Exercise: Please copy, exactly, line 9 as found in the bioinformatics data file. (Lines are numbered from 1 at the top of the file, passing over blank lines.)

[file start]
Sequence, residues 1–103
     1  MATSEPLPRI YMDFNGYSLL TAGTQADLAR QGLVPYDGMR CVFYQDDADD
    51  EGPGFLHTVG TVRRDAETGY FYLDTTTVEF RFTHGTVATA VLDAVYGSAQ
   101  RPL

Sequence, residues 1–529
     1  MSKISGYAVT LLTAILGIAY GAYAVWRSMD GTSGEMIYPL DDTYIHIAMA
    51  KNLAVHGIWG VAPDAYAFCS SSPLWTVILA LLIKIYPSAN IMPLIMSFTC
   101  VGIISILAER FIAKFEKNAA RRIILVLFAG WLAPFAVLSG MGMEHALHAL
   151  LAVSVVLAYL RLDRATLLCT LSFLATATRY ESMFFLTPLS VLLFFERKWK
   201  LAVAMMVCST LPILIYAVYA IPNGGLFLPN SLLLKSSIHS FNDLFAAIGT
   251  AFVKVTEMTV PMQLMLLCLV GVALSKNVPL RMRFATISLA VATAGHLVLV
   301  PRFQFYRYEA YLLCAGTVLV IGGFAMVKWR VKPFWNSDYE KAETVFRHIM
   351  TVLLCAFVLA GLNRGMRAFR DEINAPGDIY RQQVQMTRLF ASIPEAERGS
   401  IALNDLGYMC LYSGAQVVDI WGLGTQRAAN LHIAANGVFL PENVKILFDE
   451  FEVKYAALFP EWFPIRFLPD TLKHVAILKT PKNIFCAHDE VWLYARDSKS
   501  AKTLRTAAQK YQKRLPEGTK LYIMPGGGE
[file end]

   151  LAVSVVLAYL RLDRATLLCT LSFLATATRY ESMFFLTPLS VLLFFERKWK